Volatility measures as predictors of extreme returns
Lorne Switzer (),
Cagdas Tahaoglu and
Review of Financial Economics, 2017, vol. 35, issue C, 1-10
This paper examines the relationship between volatility and the probability of occurrence of expected extreme returns in the Canadian market. Four measures of volatility are examined: implied volatility from firm option prices, conditional volatility calculated using an EGARCH model, idiosyncratic volatility, and expected shortfall. A significantly positive relationship is observed between a firm's idiosyncratic volatility and the probability of occurrence of an extreme return in the subsequent month for firms. A 10% increase in idiosyncratic volatility in a given month is associated with the probability of an extreme shock in the subsequent month (top or bottom 1.5% of the returns distribution) of 26.4%. Other firm characteristics, including firm age, price, volume and book-to-market ratio, are also shown to be significantly related to subsequent firm extreme returns. The effects of conditional and implied volatility are mixed. The E-GARCH and expected shortfall measures of conditional volatility are consistent with mean reversion: high short term realizations of conditional volatility foreshadow a lower probability of extreme returns.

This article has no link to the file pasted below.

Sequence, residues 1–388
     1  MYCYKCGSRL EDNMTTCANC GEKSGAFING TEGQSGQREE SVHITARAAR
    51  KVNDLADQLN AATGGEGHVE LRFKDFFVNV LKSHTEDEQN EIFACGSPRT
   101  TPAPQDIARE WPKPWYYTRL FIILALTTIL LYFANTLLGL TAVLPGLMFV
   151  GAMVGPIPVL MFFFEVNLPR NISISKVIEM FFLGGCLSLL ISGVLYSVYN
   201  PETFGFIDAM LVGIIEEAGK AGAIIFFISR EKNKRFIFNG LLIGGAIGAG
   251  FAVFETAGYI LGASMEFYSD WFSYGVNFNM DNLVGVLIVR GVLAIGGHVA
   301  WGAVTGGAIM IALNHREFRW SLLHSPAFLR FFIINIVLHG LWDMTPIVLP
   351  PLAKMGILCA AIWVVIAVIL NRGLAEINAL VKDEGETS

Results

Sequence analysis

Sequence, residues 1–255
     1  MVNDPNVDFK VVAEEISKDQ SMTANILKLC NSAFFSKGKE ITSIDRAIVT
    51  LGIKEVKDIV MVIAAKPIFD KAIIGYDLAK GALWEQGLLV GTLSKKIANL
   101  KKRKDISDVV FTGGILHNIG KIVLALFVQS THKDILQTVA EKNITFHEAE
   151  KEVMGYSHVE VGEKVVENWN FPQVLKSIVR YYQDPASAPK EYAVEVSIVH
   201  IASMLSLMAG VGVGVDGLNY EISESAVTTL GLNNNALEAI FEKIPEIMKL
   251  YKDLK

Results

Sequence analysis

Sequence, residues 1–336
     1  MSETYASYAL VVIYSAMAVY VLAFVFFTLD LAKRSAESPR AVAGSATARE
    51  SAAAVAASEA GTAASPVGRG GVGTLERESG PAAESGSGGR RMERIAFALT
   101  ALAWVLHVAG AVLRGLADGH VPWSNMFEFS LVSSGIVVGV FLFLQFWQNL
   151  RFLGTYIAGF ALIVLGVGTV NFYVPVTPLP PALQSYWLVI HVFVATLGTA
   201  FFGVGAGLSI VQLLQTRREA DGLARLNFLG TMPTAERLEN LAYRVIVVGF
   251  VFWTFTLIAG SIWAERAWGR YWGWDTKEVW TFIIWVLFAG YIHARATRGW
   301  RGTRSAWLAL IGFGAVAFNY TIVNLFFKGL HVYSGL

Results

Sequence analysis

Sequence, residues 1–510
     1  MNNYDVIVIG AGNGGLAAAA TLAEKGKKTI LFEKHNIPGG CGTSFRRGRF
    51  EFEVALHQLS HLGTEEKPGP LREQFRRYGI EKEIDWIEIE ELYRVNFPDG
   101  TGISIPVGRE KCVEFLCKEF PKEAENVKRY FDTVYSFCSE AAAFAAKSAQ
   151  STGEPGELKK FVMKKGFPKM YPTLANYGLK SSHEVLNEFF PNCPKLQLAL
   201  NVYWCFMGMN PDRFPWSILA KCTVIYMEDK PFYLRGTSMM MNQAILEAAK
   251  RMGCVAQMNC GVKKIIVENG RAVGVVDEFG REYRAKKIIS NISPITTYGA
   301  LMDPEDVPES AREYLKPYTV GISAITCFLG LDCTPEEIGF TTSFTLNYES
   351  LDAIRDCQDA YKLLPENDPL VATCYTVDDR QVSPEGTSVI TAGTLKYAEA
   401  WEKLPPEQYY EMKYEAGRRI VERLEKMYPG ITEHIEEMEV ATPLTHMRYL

Keywords: Extreme returns; Implied volatility; Conditional volatility; Idiosyncratic volatility; Expected shortfall (search for similar items in EconPapers)
JEL-codes: G10 G11 G14 G17 (search for similar items in EconPapers)
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